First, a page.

To keep pace with our growing population, we need more food, more water and more energy. It’s a mantra that has become near and dear to just about every sector.
But how do we scale up our most promising solutions to feed and fuel the world? That question dominated the dialogue at the recent Yale Environmental Sustainability Summit.
The answer is to mobilize. Investors know this. It’s how they realize the full value of their money— by putting it into play for impact. The same holds true for science; it can’t just sit on the shelf. By taking scientific knowledge from theory to practice, we set in motion opportunities for widespread change.
And when you couple investment dollars with innovative scientific approaches, the chances of bringing new, larger solutions to some of our most complex global issues get that much better.
Powerful models of this type of innovative science and finance work hand in hand. For example, Conservation International’s Verde Ventures Fund provides loans to small- and medium-sized businesses, such as coffee farms with sustainable growing practices. Or Althelia Ecosphere, which is investing debt and equity capital in sustainable land use activities that generate environmental assets, such as carbon credits and certified commodities.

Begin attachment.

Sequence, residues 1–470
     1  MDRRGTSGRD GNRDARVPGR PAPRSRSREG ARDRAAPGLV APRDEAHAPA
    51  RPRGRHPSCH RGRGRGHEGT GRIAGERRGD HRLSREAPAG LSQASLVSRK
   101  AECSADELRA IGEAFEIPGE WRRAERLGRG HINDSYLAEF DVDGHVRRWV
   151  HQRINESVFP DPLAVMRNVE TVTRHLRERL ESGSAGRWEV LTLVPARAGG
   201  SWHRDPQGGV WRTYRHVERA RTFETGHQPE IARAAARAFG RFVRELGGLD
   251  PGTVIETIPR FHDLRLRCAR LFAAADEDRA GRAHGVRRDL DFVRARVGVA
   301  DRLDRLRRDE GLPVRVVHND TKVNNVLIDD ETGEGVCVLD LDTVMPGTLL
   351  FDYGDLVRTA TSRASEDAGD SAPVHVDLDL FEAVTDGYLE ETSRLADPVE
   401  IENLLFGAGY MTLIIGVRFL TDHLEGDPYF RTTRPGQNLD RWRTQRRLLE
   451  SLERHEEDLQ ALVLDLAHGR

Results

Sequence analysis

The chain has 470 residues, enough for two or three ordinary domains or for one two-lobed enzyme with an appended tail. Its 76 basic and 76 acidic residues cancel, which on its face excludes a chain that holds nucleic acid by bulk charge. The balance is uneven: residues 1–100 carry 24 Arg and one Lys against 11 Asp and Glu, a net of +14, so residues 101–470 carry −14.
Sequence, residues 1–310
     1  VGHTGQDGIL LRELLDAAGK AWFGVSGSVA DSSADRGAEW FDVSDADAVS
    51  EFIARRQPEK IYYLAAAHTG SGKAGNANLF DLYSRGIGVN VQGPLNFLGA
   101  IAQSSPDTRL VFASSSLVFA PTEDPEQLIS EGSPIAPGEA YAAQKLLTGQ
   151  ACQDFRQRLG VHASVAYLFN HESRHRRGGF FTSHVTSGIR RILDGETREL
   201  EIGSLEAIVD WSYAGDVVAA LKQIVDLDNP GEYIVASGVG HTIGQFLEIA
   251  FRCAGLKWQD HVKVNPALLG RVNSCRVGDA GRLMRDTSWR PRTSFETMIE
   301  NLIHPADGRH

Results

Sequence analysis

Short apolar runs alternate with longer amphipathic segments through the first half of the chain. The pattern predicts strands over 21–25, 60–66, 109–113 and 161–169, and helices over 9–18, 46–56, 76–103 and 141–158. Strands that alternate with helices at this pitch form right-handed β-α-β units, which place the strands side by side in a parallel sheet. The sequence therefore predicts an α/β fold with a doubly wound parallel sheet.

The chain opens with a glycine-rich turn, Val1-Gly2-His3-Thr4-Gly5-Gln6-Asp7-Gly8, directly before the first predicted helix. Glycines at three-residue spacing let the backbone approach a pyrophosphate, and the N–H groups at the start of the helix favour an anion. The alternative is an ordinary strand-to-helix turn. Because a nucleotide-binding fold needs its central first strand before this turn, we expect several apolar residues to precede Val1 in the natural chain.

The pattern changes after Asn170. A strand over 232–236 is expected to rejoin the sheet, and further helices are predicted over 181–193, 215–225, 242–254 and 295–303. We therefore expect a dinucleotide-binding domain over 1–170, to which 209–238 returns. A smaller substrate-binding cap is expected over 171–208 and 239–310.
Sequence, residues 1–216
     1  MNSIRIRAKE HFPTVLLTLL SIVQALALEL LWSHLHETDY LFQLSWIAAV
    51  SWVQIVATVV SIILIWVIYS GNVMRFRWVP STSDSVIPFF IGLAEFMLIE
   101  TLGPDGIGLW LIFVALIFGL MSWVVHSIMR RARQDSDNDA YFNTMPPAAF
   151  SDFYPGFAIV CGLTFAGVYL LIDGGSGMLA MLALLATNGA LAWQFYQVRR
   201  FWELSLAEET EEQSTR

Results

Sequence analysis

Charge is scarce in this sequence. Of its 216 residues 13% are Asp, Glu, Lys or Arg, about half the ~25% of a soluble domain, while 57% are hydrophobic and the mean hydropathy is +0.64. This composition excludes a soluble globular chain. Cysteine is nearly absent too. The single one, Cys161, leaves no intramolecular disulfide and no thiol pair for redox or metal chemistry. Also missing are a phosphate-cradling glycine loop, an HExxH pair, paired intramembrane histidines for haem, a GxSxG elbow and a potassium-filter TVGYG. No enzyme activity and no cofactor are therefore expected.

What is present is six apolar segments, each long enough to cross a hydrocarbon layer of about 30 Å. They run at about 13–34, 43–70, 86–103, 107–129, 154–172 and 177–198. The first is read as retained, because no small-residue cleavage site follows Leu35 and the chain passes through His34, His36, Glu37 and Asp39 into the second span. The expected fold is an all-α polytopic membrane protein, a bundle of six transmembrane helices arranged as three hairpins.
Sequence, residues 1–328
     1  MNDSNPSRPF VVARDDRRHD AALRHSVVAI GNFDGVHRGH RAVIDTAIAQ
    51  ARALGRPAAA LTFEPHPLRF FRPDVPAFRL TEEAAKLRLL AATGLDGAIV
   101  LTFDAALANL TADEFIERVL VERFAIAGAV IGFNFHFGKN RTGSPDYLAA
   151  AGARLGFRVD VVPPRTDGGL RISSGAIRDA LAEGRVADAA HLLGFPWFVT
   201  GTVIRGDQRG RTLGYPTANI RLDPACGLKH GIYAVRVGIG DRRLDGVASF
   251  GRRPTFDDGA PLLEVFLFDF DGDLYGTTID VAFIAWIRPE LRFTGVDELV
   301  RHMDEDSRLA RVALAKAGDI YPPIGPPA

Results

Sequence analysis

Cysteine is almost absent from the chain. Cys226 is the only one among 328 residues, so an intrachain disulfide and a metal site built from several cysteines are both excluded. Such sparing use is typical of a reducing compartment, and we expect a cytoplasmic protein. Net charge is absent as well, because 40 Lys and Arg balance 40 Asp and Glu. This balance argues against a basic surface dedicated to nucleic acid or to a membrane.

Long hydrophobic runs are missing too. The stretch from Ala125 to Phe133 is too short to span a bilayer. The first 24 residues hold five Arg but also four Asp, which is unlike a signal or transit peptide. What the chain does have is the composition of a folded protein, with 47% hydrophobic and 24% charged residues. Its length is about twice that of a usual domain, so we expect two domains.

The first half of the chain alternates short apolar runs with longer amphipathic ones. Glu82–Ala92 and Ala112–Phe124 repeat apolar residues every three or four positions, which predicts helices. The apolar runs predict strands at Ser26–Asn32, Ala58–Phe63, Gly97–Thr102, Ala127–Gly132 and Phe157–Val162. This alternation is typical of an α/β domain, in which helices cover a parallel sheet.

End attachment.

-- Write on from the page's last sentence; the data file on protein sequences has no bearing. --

Or take the grasslands of Northern Kenya, where impact investing has created a market for sustainably managed cattle that ultimately boosts protection of wildlife habitat and strengthens community livelihoods.
A sustainable economy so that people and nature can thrive
There are tight connections between the health of the landscape and its ability to support people. When livestock grazing is too intense, it reduces the land’s productivity, which in turn reduces its ability to support local livelihoods.
By improving land management, including grazing practices, conservationists can help local communities maintain healthy grasslands that support both local communities and wildlife.
In the rangelands of Northern Kenya, wildlife and people live side by side. Protecting elephants and rhinoceroses and other endangered species such as Grévy's zebra isn’t a matter of creating a new park or conservation area. Instead, conservation comes from effective stewardship of the land by local communities.